Solutions exist to ease mental health care shortage. Let’s start with these steps.
I’ve been a licensed practicing psychologist in Rhode Island for over 20 years. I have never seen the need for services and access to providers as intense as it is right now. My practice never used to carry a wait list — we were generally able to see people within a week or two of initial contact. The waitlist for my group practice is now over 100 people deep.
And it just keeps growing.
Every practitioner I speak with is in the same situation. Two-thirds of psychologists have reported an increase in the severity of symptoms among patients experiencing anxiety and depression, trauma, stressor-related disorders, and substance use disorders in 2022. We need more quality, well-trained behavioral health providers to alleviate this historic bottle neck in treatment access.
The country, including Rhode Island, is experiencing a major mental health crisis The National Alliance of Mental Illness reports that 178,000 adults in Rhode Island have a diagnosed mental health condition, 41.5% of adults reported symptoms of anxiety or depression, and 27.2% were unable to get needed counseling or therapy
Access to services is a major problem with 36% of the U.S. population—over 125 million Americans— living in a place designated as a mental health professional shortage area, according to the Health Resources and Services Administration (HRSA), an agency of the U.S. Department of Health and Human Services,
In Rhode Island, Newport and Washington counties are both designated as mental health professional shortage areas. That means nearly a quarter of a million people in Rhode Island live in a community that does not have enough mental health professionals. Most psychologists in the state are located between Warwick and Providence.
Clearly, Rhode Island needs more well trained mental health providers. But what would it take to draw more of them to the Ocean State?
Look no further than the fact that Rhode Islanders are over four times more likely than the national average to be forced out-of-network for mental health care than primary health care, making it more difficult to find care and less affordable due to higher out-of-pocket costs. Low reimbursement rates serve as a disincentive to clinicians who might consider providing services here.
Compared to our colleagues in medicine, doctoral level psychologists are tragically underpaid, yet it is a very expensive area of health care. Better and more sustainable models of reimbursement are needed.
Governor Dan McKee recently statutorily authorized the Office of the Health Insurance Commissioner to examine social and human services reimbursement rates, including Medicaid and commercial insurance, and make regional comparisons.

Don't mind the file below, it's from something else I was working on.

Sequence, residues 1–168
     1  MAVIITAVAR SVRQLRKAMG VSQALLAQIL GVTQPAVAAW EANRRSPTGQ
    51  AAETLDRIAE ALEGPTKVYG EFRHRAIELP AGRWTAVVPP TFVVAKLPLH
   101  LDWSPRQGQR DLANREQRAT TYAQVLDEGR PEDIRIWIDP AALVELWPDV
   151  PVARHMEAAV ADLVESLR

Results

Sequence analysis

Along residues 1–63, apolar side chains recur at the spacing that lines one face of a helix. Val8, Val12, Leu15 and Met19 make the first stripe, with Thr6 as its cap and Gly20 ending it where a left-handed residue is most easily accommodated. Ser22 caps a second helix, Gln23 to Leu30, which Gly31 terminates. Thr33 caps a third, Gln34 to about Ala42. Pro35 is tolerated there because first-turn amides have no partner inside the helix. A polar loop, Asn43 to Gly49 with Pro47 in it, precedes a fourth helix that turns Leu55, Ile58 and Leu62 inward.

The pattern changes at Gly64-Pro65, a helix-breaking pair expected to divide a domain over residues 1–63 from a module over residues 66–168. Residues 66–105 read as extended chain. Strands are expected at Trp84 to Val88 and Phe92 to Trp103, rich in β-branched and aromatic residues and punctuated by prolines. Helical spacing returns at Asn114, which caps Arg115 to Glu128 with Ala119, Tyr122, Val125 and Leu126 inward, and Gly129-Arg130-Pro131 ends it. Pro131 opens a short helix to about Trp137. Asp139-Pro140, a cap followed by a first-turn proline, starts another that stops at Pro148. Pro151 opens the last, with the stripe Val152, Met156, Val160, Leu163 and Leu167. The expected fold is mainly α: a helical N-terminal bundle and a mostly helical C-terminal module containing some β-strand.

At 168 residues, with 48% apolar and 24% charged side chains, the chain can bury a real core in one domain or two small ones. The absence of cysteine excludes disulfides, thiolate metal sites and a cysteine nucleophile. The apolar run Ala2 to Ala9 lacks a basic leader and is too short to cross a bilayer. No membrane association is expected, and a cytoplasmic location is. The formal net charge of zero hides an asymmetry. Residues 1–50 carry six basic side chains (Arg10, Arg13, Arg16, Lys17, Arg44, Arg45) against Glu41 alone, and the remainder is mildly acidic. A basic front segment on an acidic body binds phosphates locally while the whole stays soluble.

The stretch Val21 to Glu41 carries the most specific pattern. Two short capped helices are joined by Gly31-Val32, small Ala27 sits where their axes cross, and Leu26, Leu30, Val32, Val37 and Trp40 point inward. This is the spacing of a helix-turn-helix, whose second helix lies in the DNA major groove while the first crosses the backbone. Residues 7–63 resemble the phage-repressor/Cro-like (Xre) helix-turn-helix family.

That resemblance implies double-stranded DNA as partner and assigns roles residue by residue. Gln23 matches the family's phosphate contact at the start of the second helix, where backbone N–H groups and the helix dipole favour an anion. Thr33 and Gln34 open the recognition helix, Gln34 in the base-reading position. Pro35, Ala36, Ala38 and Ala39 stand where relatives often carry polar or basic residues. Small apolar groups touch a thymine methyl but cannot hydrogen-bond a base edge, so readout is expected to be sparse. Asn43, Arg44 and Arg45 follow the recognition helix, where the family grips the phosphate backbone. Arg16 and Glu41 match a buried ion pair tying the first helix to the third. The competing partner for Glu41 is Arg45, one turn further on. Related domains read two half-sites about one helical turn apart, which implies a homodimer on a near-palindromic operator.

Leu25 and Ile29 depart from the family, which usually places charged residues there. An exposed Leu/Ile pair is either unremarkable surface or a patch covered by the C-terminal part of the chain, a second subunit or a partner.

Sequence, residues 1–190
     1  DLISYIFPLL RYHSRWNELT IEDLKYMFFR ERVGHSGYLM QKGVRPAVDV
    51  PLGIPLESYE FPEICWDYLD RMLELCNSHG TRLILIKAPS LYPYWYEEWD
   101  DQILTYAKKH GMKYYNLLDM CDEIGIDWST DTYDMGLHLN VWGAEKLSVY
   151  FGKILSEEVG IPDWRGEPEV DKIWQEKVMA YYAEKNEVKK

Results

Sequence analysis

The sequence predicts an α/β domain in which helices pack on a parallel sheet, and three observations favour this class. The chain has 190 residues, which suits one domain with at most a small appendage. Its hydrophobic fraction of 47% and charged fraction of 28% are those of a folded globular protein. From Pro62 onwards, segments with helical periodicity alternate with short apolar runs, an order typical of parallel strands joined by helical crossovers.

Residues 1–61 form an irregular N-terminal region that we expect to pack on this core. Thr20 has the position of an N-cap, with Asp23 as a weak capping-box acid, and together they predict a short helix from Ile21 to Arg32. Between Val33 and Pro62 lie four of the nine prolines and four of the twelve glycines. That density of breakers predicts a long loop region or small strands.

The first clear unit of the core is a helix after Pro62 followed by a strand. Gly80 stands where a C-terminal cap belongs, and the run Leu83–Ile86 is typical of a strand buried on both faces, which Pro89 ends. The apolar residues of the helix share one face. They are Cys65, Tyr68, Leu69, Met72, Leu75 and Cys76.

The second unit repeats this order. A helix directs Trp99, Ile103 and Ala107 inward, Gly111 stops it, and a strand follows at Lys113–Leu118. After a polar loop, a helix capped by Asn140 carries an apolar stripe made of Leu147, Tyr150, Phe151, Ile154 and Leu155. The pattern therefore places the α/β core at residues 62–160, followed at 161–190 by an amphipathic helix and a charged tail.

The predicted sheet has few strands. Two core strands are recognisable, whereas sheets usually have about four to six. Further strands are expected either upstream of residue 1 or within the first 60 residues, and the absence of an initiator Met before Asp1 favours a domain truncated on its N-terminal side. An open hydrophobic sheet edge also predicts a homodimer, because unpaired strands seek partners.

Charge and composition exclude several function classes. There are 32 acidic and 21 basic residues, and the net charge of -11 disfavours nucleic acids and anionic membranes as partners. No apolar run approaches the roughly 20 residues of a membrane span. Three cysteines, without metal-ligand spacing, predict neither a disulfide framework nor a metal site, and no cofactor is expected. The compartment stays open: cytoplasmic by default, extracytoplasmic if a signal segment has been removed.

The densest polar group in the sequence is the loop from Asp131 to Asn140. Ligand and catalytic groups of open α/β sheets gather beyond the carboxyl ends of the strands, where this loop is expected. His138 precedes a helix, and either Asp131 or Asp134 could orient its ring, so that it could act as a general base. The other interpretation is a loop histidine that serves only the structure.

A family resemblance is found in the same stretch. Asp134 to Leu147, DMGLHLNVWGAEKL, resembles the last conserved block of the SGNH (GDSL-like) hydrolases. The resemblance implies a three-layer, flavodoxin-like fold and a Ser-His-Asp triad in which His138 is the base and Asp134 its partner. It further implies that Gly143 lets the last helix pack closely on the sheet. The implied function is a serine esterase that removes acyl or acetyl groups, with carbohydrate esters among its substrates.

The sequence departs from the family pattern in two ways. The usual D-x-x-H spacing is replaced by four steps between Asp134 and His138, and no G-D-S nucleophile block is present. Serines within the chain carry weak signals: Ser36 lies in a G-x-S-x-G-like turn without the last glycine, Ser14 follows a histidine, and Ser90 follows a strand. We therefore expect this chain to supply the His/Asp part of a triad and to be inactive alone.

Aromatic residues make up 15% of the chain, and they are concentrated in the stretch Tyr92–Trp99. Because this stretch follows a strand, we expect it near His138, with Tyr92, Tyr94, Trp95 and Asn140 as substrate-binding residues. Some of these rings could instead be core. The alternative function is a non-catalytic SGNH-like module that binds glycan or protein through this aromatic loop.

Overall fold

So, what else can we do to better meet the mental health needs of Rhode Islanders? While these are complex issues, there are some steps we can take to alleviate the mental health crisis on local and national levels. Clearly, as evidenced by the long wait list at my practice, we need more quality, well-trained behavioral health providers. Additionally we should work to improve the following:
- Integrated Behavioral Health (IBH): IBH is when behavioral health professionals coordinate and work closely with medical doctors, especially primary care physicians. This may come in the form of co-location or other less intensive but coordinated arrangements. A large number of behavioral health issues present in primary care offices, so this can be an effective way to intervene and treat these issues earlier, improving outcomes and reducing overall costs.
- Telehealth: If there was any benefit from the pandemic, it was the acceleration of integrating telehealth into the healthcare system. This trend needs to continue and expand based on evidence-based, best practices.
- Technology: The area of digital therapeutics, or the use of cell phone applications, for the alleviation of mental health issues is on the rise. We need evidence-based policy to guide the proliferation and use of these technologies.
With coordinated efforts among clinicians, educators, researchers, policy makers, and the insurance industry, we can more effectively address the needs of our nation and our state. This is not the time for delay or siloed thinking – we all need to work together toward the common goal of quality, affordable behavioral health care.